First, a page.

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# Sunday fun: Math genius (and Subway sandwich jockey) discovers new theory of prime numbers

November 24, 2013 | Posted by News under Mathematics, News |

From *Wired*:

On May 13, an obscure mathematician — one whose talents had gone so unrecognized that he had worked at a Subway restaurant to make ends meet — garnered worldwide attention and accolades from the mathematics community for settling a long-standing open question about prime numbers, those numbers divisible by only one and themselves. Yitang Zhang, a lecturer at the University of New Hampshire, showed that even though primes get increasingly rare as you go further out along the number line, you will never stop finding pairs of primes separated by at most 70 million. His finding was the first time anyone had managed to put a finite bound on the gaps between prime numbers, representing a major leap toward proving the centuries-old twin primes conjecture, which posits that there are infinitely many pairs of primes separated by only two (such as 11 and 13).

Hat tip: The Battlefield

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From the article referred above

=>Tao actively discourages young mathematicians from heading down such a path, which he has called “a particularly dangerous occupational hazard”

=> Hope that statement doesn’t deter talented mathematicians.

OT: Comet ISON, if it survives trip around the sun, could bring spectacular sky show – Nov. 24, 2013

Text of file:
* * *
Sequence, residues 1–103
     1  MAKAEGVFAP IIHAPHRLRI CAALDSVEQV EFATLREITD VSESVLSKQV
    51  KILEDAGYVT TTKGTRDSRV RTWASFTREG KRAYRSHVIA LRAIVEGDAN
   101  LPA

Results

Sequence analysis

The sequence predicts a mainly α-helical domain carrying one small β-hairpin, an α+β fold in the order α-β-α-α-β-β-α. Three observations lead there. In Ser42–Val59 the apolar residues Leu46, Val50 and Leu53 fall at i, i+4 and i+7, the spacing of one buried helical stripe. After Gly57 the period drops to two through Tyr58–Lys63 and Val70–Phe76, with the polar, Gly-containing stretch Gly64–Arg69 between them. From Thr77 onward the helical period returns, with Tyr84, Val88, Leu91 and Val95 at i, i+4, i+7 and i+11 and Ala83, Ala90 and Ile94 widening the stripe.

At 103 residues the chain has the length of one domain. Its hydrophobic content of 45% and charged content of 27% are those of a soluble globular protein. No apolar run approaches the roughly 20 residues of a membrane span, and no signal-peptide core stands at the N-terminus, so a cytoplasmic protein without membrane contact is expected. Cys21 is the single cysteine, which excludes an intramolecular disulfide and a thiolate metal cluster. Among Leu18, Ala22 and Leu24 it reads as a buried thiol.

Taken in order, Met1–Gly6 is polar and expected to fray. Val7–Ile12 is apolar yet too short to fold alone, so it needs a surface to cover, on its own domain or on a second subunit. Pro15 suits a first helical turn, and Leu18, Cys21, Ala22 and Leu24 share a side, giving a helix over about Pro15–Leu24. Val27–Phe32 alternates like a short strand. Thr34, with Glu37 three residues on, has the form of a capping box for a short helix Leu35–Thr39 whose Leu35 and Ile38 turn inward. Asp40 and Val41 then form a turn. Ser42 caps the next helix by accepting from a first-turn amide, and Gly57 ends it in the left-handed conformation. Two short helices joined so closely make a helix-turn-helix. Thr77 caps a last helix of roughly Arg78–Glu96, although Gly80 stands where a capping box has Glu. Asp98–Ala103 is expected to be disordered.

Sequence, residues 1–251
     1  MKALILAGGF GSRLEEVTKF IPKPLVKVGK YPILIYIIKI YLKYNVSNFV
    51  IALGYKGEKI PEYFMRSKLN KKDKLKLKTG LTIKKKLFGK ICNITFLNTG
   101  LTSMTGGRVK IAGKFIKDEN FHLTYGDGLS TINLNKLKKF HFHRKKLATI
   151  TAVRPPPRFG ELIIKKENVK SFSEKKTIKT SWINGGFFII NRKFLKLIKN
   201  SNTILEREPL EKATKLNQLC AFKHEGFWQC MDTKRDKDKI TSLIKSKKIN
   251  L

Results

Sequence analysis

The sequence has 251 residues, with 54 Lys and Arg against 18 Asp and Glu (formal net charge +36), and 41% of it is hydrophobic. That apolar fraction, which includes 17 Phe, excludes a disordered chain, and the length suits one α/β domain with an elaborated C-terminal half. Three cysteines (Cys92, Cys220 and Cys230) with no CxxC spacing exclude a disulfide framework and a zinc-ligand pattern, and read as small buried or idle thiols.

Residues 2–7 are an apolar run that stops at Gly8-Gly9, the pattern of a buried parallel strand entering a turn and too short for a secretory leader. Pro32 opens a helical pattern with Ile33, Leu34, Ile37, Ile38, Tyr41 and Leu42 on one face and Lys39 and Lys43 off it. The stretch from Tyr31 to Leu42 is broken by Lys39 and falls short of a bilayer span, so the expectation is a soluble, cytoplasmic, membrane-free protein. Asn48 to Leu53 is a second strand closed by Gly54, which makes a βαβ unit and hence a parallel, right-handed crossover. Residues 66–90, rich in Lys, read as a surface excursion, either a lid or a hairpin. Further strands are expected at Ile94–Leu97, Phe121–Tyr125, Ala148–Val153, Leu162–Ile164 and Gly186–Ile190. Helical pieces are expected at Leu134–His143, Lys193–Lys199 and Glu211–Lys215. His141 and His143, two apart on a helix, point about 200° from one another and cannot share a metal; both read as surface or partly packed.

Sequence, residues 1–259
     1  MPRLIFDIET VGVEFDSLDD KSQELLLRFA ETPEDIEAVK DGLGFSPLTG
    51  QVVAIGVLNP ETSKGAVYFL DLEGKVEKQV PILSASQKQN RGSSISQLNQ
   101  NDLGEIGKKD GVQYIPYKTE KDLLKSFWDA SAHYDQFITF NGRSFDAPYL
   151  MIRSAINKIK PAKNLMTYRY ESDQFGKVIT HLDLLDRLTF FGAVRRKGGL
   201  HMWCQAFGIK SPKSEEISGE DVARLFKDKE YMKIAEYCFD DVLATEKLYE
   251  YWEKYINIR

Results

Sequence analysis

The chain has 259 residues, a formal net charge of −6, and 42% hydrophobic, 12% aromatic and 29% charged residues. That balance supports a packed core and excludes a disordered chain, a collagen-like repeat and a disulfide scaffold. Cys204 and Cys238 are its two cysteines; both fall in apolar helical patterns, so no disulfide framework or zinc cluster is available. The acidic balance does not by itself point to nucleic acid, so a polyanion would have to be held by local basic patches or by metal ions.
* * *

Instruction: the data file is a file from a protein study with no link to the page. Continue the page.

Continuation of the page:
Excerpt: As Comet ISON hurtles toward the sun, its million-year-long journey through our solar system may end with its violent death — or a spectacular sky show.

On Thanksgiving, when the comet rounds the sun, professional and amateur astronomers alike will await ISON’s fate with bated breath. Its tail may get ripped off by a cloud of solar particles, or the sun’s brutal radiation and pressure may demolish it completely.

But if ISON makes it out alive, stargazers say, it could provide a breathtaking show visible to the naked eye and possibly live up to the name “Comet of the Century,” as some astronomers have dubbed it.

“On Friday, we’ll all be delighted to see its beautiful face as it then comes around the sun,” said Jim Green, director of NASA’s planetary science division. “Then between Thanksgiving and Christmas, it will fly over the North Pole — a very nice holiday comet.”

ISON is a lone traveler originating from a giant population of comets at the very edge of the solar system.,,,

http://www.washingtonpost.com/.....story.html